Heat input Calculator in (KJ/mm)= (Voltage X Current X 60)/(welding speed-mm/min X 1000)

Increasing the heat input will lead to higher thermal energy and hence a high dilution rate. This is especially important when joining dissimilar materials such as carbon steel to stainless steel. Where it is desirable to have the least dilution from carbon steel material.

1. Autogenous welds–Without filler/ welding electrode; Joining titanium to titanium without filler.
2. Homogeneous–Using matching welding consumables e.g. welding SS 347 using ER347 filler wire.
3. Heterogeneous–Using dissimilar welding consumables e.g. welding carbon steel to SS316L using ER309LMo.

3. Thermal Cycle

When a material is welded the parent material immediately adjacent to the weld is subjected to the welding thermal cycle. This material is rapidly raised to a temperature just below its melting point and cooled almost as quickly due to the mass of cold metal.

his cooling rate depends on the mass, specific heat, the initial temperature of the parent metal, and the heat input of the welding process.

Microstructure Prediction

Once some indication of the composition of the weld pool has been established, the phase diagram for the alloy system involved can assist in determining the structure.

It must always be remembered that commercial alloys will have minor amounts of alloys other than the main ingredients and this will make the use of the diagram only approximate.

Schaeffler Diagram, Delong Diagram, and WRC diagrams are can be used for microstructure prediction in welding.

Example of the Dilution rate calculation

Let us understand, the dilution rate calculation using this simple example: The below example is for reference learning for dilution rate calculation purposes.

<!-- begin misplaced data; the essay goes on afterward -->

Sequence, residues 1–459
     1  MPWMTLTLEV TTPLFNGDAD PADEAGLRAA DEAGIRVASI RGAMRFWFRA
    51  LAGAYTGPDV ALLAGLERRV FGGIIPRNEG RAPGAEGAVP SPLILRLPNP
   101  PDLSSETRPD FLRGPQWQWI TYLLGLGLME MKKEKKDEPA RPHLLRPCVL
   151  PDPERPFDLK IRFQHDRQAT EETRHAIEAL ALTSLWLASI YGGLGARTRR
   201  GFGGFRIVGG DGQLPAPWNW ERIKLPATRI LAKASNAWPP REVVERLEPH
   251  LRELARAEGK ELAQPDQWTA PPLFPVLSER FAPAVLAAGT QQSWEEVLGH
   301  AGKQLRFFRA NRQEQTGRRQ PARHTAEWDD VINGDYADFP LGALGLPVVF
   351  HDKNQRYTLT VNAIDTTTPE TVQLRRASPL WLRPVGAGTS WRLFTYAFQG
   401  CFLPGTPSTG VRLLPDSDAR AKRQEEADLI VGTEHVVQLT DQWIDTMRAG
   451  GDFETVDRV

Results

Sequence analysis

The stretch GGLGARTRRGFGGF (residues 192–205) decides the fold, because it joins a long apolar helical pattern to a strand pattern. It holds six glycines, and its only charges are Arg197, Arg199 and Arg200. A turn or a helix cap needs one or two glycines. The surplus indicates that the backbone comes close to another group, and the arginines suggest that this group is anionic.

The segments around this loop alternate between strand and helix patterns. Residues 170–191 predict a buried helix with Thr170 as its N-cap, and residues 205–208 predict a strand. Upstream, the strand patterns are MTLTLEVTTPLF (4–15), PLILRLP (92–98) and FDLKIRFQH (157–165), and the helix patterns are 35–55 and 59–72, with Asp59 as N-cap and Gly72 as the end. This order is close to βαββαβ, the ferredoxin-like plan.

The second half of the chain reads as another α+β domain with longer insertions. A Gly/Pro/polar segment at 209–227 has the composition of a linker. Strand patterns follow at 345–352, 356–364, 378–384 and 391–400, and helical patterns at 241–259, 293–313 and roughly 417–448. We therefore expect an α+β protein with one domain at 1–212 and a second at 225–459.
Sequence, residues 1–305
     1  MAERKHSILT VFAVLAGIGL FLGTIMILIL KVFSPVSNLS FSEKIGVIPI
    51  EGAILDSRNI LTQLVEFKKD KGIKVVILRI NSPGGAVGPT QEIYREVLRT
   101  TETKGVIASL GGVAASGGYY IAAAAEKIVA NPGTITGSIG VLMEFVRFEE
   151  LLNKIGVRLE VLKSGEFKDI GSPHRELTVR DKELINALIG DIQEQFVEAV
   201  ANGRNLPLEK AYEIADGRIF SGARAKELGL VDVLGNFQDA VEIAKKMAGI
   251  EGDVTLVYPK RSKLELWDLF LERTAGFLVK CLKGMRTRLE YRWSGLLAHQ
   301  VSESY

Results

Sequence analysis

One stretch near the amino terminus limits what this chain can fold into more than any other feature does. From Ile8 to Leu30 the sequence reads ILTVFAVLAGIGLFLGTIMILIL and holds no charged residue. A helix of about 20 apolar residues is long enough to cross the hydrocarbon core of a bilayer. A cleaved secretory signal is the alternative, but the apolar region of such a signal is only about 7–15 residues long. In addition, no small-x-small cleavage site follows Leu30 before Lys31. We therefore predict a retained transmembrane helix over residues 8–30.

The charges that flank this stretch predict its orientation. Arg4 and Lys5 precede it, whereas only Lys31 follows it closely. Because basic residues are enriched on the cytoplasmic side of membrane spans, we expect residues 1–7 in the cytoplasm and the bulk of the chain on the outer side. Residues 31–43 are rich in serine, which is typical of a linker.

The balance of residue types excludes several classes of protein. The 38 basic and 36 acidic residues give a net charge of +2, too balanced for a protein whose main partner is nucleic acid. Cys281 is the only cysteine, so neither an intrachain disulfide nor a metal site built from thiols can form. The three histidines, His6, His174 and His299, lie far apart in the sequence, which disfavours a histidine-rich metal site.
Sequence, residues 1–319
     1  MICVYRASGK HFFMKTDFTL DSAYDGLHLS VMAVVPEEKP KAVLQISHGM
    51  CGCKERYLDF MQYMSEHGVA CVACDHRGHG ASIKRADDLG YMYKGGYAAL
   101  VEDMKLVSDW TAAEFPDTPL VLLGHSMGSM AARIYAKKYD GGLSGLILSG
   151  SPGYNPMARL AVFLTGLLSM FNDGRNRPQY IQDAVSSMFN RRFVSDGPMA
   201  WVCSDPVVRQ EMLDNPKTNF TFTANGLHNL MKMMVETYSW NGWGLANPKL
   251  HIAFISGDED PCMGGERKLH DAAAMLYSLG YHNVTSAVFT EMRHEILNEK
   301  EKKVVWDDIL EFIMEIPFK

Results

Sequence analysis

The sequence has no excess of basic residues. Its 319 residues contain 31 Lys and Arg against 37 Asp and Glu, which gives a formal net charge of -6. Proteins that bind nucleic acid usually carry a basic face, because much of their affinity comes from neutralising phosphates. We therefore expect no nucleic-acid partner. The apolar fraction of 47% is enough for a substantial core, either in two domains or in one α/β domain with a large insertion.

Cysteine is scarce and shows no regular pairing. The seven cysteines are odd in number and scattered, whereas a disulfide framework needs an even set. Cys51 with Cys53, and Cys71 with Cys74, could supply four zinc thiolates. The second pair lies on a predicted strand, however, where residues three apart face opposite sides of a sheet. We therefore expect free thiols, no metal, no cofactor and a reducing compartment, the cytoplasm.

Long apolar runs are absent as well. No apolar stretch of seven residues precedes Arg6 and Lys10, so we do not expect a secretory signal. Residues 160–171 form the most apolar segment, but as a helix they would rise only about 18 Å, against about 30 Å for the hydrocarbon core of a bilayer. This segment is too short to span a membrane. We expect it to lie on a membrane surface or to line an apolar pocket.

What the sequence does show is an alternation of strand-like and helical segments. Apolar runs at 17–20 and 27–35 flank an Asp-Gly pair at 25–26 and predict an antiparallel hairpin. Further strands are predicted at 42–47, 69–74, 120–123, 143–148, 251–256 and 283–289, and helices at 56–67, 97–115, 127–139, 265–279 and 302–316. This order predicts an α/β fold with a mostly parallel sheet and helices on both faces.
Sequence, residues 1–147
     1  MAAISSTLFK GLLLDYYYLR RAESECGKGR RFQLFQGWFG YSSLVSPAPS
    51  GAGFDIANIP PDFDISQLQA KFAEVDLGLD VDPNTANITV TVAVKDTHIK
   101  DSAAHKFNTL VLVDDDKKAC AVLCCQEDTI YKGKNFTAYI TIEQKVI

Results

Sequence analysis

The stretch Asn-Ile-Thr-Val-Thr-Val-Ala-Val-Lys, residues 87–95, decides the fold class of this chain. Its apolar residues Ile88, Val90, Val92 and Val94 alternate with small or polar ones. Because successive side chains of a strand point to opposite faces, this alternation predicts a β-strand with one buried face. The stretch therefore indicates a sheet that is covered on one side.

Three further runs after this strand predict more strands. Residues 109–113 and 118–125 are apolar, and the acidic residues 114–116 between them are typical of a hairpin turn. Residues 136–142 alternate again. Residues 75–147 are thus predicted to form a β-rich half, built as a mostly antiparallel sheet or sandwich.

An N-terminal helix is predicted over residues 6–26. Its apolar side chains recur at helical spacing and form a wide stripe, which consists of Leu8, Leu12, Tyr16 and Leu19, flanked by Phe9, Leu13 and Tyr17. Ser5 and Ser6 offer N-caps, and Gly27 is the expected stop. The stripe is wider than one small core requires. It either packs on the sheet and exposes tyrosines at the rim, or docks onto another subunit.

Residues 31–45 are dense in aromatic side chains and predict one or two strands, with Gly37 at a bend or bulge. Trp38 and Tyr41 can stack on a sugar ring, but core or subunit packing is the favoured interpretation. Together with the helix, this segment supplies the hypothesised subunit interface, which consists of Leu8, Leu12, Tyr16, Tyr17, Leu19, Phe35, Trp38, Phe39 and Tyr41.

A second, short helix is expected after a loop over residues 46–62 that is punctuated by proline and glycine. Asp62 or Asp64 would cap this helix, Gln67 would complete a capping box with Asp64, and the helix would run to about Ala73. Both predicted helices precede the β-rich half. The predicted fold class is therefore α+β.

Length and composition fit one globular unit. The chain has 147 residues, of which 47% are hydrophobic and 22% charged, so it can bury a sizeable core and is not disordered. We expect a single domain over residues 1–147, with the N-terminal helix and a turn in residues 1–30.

Here The base material is SS430 welded using ER308 considering a dilution rate of 35% dilution from the base material and a balance of 65% from filler wire.

Dilution rate calculation Equation

The average percentage of a specific alloying element X in the diluted weld metal can be calculated using the following equation:

Xw = DaXa + DbXb + Xf (1 – Dt) (Reference AWS Handbook Volume 4)

where:

• Xw = Average % of element X in the weld metal, w;
• Xa = % of element X in base metal a;
• Xb = % of element X in base metal b;
• Xf = % of element X in filler metal f;
• Da = % dilution by base metal a, as a decimal;
• Db = % dilution by base metal b, as a decimal; and
• Dt = % total dilution by base metals a and b, as a decimal.

Dilution rate calculation in groove weld with filler and without filler

where,
a = Base metal
b = Base metal
A = Cross-sectional area of weld in base metal a
B = Cross-sectional area of weld in base metal b
D1 = % total dilution
Da = % dilution in base metal a
Db = % dilution in base metal b
F1 = Cross-sectional area of weld above base metal
F2 = Cross-sectional area of weld below base metal

Dilution rate in different welding processes

Typical values of dilution rates found in different welding processes are shown in the below table.

The values are for reference purposes only as different welding variables affect the rate of dilution in welding such as welding current, voltage, welding position, electrode diameter, electrode angle, shielding gases, etc. to name a few. In SMAW or stick welding dilution rate is within 25 to 40%.